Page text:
Recently, Google has made a strong push to migrating Google Analytics users to the ‘New’ version. Over the next couple of months, we’re going to review several new reports. Today, we’re going to talk about Assisted Conversions and how they compare to the standard set of eCommerce reports previously provide in GA.
Google Analytics Assisted Conversions
The Google Analytics Assisted Conversions report does just what you think. It reports on the value of various marketing channels in the sales process. Basically, it reports on how important each channel is to 1)generating leads (or initial website visits), 2)nurturing leads (bringing them back along the way) and 3)making the final sale. Let’s start with an easy example: Let’s say that a recent customer:
- Visited your website 3 weeks ago through a banner ad campaign that you’re running. Then, he/she left your website without buying anything.
- 1 week later, that same user came to your website by searching your company name and bought a $500 gold watch.
In this scenario, the old GA eCommerce reporting (and new ‘standard’ eCommerce tracking report) would make it look like ‘search engines’ were responsible for a $500 sale. From a marketer’s perspective, that kind of sucks! We may be sitting here thinking that the banner ad campaign was a waste of money cause we didn’t break even on the media buy. Additionally, we’d inflate the value of our search marketing efforts, or more specifically, our brand name search marketing efforts.
Enter Google’s Assisted Conversions Reporting and First Interaction Analysis - With this new set of reports, marketer’s can more easily determine the original source of each sale. Since Google has some fairly confusing rules as to how it attributes conversions, this report takes the guesswork out. Instead of using the old Google interface or the standard eCommerce views, go to Multi-channel funnels —-> Assisted Conversions —-> First Interaction Analysis and get data on the first visit source.
Let’s look at a sample report.
This report shows the First click conversion value which basically attributes conversions to the first source which they used to find your site (for the duration of the 6-month cookie). So even if users came back through other sources and campaigns, this will still attribute the sale to the original source. I use this to determine the prospecting value of various campaigns.
The Last click conversion value just shows the most recent source which was used. This number is useful because it can help isolate the best ‘deal closing’ sources, campaigns, etc.
Observations about the above sample report:
- Organic search – Organic search is showing a First Click value of $95,676 and a Last Click value of only $55,931. Analysis: Organic search is great for the driving the initial traffic, but proportionally less important at closing deals.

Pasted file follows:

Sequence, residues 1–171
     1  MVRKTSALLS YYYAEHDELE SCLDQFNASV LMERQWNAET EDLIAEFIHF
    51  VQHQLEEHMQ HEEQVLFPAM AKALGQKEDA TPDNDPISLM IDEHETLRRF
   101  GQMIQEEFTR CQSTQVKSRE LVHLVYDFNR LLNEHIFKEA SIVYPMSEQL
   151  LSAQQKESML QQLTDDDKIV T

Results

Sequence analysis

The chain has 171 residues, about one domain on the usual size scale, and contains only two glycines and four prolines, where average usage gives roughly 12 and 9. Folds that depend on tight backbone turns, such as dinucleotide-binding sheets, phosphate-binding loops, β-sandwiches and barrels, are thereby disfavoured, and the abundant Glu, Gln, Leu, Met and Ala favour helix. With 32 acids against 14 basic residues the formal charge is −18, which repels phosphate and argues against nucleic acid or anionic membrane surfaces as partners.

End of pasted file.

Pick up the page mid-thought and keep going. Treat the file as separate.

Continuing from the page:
- Direct traffic – Direct shows a First Click value of $15,143 and a last of $59,001. Analysis: Tons of people find this website via other sources and just type in the url or click a link from their email to finalize a purchase.
So which of these numbers did the old GA and does the new standard eCommerce report on? Well, funny enough, neither. As I mentioned, it’s a bit complicated but in general the other eCommerce reports most closely match the First click value and in our experience, can be either very similar or very different. Here’s a quick breakdown:
It’s pretty clear from the above table that the standard eCommerce reports can be either very similar or significantly different from what we get when looking at First click. Based on your business and marketing campaigns, this profile can easily be skewed very differently.
What’s the moral of the story?
Think about which numbers you’re reporting on and what they really mean about your marketing efforts. Just because a given campaign or channel doesn’t ‘seal the deal’, it’s true value may be in generating the lead. Conversely, just because a channel doesn’t always generate leads, it may be great a closing deals. Most importantly, the standard set of eCommerce reports may not paint the best picture. Things to look out for:
- Don’t double credit your campaigns – You need to apply a consistent reporting logic that doesn’t give double credit to campaigns (you can’t just add the First and Last click columns to get the total value!)
- Cookie-length matters – No pun intended… If your buying cycle is typically 10 months, you may need to adjust your Google Analytics cookie length to get a better view.
I hope this got the wheels turning a bit. Questions, comments? Post ‘em below.